Woodcock declined to make a commitment. "We're working very hard," she said instead. Although she assured Murphy that interchangeability is scientifically possible, Woodcock expressed concerns that continued switching between molecules could trigger an immune response – something that's been seen among various reference epoetin products. The FDA needs to make sure the interchangeability guidance is "bulletproof," she said. (See BioWorld Today, Sept. 18, 2015.)

Testing the Waters

As the agency continues to develop its guidance, some biosimilar sponsors appear to be testing the waters for interchangeability, as several clinical trials have a crossover element. For instance, the ongoing phase III study of Coherus Biosciences Inc.'s biosimilar candidate to Humira (adalimumab, Abbvie Inc.) assigns some of the plaque psoriasis patients initially randomized to Humira to the biosimilar at week 16. All patients will be switched to the biosimilar at week 24, according to ClinicalTrials.gov. EMD Serono Inc., part of Merck KGaA, has a similar component in an ongoing phase III trial of its Humira biosimilar candidate.

As part of the development of its rituximab biosimilar, Sandoz Inc. is conducting a phase III trial to identify potential safety risks of transitioning from the U.S.-licensed Rituxan or the EU-approved Mabthera to its proposed biosimilar as compared with continuing treatment with the reference biologic produced by Roche AG and Biogen Idec Inc.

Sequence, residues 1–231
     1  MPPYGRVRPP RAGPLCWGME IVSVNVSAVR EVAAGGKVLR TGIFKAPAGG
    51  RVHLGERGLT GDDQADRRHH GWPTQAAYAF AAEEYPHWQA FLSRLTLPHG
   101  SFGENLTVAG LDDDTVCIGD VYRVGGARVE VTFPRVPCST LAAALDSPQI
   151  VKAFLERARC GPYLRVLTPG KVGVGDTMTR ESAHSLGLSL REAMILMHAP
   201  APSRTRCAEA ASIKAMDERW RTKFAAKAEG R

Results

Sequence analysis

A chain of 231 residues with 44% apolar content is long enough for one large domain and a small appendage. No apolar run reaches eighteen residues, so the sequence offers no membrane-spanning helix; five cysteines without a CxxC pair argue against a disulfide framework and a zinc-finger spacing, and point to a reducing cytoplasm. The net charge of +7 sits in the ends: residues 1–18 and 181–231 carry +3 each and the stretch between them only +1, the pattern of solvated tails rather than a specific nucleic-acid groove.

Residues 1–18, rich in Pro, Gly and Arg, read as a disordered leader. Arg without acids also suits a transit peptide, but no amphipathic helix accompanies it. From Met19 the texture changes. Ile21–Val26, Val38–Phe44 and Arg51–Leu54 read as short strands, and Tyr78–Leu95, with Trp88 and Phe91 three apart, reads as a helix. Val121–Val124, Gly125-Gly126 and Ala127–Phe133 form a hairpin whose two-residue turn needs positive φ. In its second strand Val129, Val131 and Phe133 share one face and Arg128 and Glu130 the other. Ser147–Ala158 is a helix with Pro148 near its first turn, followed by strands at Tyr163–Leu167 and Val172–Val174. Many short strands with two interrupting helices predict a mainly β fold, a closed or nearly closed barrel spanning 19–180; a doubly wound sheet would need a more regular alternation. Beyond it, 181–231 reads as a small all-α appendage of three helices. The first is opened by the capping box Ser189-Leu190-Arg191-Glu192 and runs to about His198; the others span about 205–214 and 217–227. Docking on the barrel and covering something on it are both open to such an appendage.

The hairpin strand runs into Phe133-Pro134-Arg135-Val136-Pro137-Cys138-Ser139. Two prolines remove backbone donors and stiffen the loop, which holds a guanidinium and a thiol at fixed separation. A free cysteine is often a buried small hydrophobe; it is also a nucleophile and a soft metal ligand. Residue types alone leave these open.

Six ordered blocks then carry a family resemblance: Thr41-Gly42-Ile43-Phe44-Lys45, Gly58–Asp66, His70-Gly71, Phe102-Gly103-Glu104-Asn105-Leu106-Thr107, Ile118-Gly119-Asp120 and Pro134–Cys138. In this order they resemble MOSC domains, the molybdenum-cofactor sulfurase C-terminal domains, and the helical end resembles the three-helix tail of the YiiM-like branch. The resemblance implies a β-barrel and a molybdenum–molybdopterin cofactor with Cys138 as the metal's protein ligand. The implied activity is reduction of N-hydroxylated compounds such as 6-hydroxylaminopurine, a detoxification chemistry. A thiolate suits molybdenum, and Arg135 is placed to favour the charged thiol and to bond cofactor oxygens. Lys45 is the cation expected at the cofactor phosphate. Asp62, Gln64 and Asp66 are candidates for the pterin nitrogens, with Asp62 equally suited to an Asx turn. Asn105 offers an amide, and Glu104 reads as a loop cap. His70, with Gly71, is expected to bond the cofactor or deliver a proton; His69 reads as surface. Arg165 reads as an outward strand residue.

Even if such studies aren't enough to meet future FDA interchangeability guidelines, they will address concerns about switching patients from the innovator to that particular biosimilar, which could help the sponsor differentiate its biosimilar and encourage faster uptake in what may be a crowded market.

That concern has been a factor slowing the uptake of biosimilars in the EU. Doctors have been reluctant to switch patients with chronic diseases from a biologic that's working for them to a biosimilar – unless economic considerations force it, Cerwinski said.

While such data could assuage doctors' and patients' worries, it also could help get U.S. payers on board with a particular biosimilar. Of course, the data will only be useful if the FDA allows sponsors to share the information.